Rapid route to improvement?

3rd March 2006 at 00:00
For the past two years there has been talk of a new "learning campus" at Corus's old Ebbw Vale steel works in Blaenau Gwent.

So the proposal from post-16 education funding agency ELWa to replace existing post-16 facilities with a new tertiary system at the site should come as no surprise.

Brett Pugh, Blaenau Gwent's director of education, admitted that the local education authority had hoped for ELWa's investigation to provide a case for the 3,500-student campus, which would replace sixth forms and provide a link to the University of Wales at Newport through foundation courses.

"It wouldn't just be an amalgamation of post-16 provision, it would bring in a raft of new vocational and academic courses under one roof," said Mr Pugh.

In Blaenau Gwent 16 to 19 education and training is provided by four schools, the Ebbw Vale campus of Coleg Gwent and a number of work-based training providers.

ELWa believes significant change is necessary because current arrangements are incapable of delivering rapid and widespread improvements.

There are four proposals: to strengthen existing partnerships between learning providers; to establish a formal partnership; to set up a full tertiary system by 200910; and to create two separate centres - for vocational study, and for academic courses.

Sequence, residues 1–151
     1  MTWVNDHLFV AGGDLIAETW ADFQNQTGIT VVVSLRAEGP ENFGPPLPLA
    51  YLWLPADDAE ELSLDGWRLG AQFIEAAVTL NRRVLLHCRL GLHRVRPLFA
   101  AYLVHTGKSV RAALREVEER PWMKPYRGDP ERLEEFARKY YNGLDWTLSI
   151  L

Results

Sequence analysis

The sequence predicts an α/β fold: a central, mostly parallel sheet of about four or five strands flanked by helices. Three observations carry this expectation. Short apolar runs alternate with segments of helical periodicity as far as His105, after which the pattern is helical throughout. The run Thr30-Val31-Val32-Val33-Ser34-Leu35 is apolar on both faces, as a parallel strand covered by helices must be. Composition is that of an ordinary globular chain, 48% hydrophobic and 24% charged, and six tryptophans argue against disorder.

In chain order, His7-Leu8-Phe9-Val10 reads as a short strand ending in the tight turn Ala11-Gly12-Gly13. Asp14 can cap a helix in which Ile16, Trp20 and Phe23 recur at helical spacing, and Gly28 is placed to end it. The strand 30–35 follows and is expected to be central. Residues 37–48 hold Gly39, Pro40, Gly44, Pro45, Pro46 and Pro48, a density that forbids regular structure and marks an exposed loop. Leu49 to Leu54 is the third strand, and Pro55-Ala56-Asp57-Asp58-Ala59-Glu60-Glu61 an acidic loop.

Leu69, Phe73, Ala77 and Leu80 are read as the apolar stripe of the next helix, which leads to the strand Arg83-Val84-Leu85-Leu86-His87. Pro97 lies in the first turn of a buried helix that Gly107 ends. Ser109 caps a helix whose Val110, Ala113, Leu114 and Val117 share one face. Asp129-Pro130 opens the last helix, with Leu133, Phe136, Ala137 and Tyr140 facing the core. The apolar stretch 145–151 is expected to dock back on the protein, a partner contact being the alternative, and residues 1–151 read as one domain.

ELWa has singled out the tertiary system because it says it should "improve choice, quality, engagement, participation, retention and achievement".

But it recognises drawbacks such as the loss of sixth forms and their associated pastoral care and mentoring benefits - and the cost. The ELWa document says there is "no guaranteed assurance that the funds are available".

There is support for the idea as a key part of regeneration in an area blighted by economic decline. Blaenau Gwent has the highest proportion of residents with no qualifications in Wales at 29.3 per cent, well above the average 18.8 per cent.

And 4.5 per cent of young people leave compulsory education without a formal qualification - nearly twice the national average.

Mick Fahy, head of Ebbw Vale comprehensive, thinks the change could play a pivotal part in regeneration. "There are too many young people who are not engaging after 16. We need to take account of what is best for all students at 16," he said.

Mike Norton, head of Brynmawr comprehensive, was also supportive, but concerned at quality assurance and pupil support.

"We realise that it would benefit a wider group of students. But are they going to guarantee the quality is as good as, or better than what is offered at the moment?"

He added: "Pastoral care would be absolutely crucial, that's a major area of concern."

Subscribe to get access to the content on this page.

If you are already a Tes/ Tes Scotland subscriber please log in with your username or email address to get full access to our back issues, CPD library and membership plus page.

Not a subscriber? Find out more about our subscription offers.
Subscribe now
Existing subscriber?
Enter subscription number


The guide by your side – ensuring you are always up to date with the latest in education.

Get Tes magazine online and delivered to your door. Stay up to date with the latest research, teacher innovation and insight, plus classroom tips and techniques with a Tes magazine subscription.
With a Tes magazine subscription you get exclusive access to our CPD library. Including our New Teachers’ special for NQTS, Ed Tech, How to Get a Job, Trip Planner, Ed Biz Special and all Tes back issues.

Subscribe now